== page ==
Massey University publishes latest National Security Journal

New Zealand Security Magazine - August-September 2020

Professor Rouben Azizian
Professor Rouben Azizian, Head of the Massey University Centre for Defence and Security Studies.

In this abridged ‘Comment from the Editors’, Professor Rouben Azizian and Dr John Battersby provide a brief introduction to the just-published second instalment of the National Security Journal.

The successful launch of the National Security Journal last year was not without doubts about its sustainability in the highly competitive academic journal market and its relevance for the broad audience of security analysts, practitioners and students.

The feedback that we have received so far, from across the government sector in New Zealand and from around the globe, confirms that our readers see the benefit of this synergy of diverse and inclusive expertise and ideas. 

This issue, like the one before, offers perspectives on a wide range of security issues. Reuben Steff’s article provides an in-depth analysis of the North Korean problem, explaining the historical context to the current situation on the Korean peninsula and, importantly, the motives driving the North Korean position. This insight is useful and timely.

Carl Bradley’s article looks at New Zealand’s gangs from a broad cultural perspective. Gang numbers in this country have been increasing in recent times, boosted by deportations from Australia who arrive here with established Australian underworld connections. Bradley argues that “increased economic inequality will see gang membership continue to rise” and moves by some groups to position themselves to further control illicit, and perhaps certain licit, commodities. 

The socio-economic driver for gang membership is important for the New Zealand government to take note of, as COVID-19 leaves the country’s economy with high unemployment, high costs of living, a continuing housing crisis, and increasing gang recruitment in prisons.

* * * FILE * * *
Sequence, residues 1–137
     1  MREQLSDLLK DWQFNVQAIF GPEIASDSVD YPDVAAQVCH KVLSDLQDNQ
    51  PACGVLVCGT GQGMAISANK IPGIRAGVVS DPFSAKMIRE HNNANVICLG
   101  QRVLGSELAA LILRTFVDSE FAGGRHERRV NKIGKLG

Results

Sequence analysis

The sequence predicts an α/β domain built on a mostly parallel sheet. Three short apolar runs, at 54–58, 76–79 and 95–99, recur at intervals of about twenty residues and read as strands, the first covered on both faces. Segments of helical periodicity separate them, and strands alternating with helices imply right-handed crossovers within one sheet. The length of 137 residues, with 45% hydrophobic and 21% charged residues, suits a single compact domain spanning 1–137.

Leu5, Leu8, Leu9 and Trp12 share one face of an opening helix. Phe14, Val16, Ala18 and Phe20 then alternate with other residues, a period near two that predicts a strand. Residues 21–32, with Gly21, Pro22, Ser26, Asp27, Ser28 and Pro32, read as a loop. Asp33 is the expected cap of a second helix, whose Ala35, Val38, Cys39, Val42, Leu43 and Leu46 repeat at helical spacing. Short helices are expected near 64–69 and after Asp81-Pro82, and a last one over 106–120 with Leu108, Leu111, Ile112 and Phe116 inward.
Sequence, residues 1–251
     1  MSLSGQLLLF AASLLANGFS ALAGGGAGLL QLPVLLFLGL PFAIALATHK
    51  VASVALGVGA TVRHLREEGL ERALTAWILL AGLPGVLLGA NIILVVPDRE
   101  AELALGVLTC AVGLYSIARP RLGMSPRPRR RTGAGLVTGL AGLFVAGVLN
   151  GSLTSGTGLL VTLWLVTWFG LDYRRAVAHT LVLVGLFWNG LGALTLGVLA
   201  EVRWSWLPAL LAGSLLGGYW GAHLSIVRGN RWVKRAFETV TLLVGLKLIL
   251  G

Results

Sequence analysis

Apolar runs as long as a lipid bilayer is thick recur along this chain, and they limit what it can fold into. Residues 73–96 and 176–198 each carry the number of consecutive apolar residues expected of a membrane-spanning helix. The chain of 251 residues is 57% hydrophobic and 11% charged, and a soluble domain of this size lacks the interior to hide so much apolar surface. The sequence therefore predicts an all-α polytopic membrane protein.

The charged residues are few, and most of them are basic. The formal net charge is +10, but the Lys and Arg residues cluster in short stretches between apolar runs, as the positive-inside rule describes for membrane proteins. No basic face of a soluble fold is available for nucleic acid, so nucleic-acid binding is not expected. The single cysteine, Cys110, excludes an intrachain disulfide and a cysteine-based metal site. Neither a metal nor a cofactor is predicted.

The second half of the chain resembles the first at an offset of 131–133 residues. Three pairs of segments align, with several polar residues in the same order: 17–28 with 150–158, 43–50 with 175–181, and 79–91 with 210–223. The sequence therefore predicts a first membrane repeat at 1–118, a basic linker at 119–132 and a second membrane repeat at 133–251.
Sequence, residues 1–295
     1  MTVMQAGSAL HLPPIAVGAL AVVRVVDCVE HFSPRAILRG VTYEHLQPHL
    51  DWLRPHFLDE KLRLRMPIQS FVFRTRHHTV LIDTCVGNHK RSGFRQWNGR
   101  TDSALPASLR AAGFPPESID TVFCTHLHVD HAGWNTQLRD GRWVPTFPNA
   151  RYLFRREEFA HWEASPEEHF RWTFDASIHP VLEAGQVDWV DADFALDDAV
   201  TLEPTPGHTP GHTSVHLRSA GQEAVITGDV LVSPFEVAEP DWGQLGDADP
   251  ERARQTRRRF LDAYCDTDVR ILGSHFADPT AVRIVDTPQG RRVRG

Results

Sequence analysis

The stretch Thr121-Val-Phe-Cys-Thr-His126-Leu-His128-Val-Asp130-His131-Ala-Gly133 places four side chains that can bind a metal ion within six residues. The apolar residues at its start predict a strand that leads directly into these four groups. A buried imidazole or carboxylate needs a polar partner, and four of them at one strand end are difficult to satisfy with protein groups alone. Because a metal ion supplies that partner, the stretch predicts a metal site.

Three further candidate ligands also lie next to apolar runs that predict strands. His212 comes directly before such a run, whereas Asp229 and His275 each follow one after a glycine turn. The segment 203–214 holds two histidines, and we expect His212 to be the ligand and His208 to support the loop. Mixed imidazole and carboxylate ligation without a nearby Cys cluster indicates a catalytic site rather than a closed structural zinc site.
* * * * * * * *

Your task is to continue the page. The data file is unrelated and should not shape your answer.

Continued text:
Holly Vandenberg and Wil Hoverd discuss the use (and misuse) of the terms ‘extremism’ and ‘terrorism’, comparing the use of these terms before and after the 15 March 2019 attacks in Christchurch. The authors argue there is an inconsistency in the use of the terms which indicates confusion and directly influences government and security agencies, as well as the media and general population. 

Olivia Cleaver and Germana Nicklin’s article on the use of ‘false personas’ in social media intelligence collection discusses the ambiguity of private information on publicly available social media systems. There is social license to use these systems in intelligence collection, but the authors shed light on an area which has so far defied legislators’ abilities to clarify the public interest, the right to privacy, and appropriateness of covert use of this information. 

John Battersby, Rhys Ball and Nick Nelson challenge New Zealand’s recently published “Countering terrorism and violent extremism national strategy” as not hitting the mark that it should. The authors take readers briefly over what a strategy should be, then review the practice of the Five Eyes partner nations and their CT strategy documents. 

Overall, it is contended that New Zealand’s strategy is all too brief and compares unfavourably with more comprehensive and explained strategies of our security partners. The broader formation, background research and compilation of strategy documents is an area where academics and practitioners could work much more closely together.

Finally, National Security Journal is privileged to have Yevgeny Zvedre’s article on space weaponisation – a Russian perspective. The implications of a space arms race are alarming, and the author’s call for increased diplomatic initiatives to keep space free of weapons is genuine, urgent and well made.

Read the Journal online at

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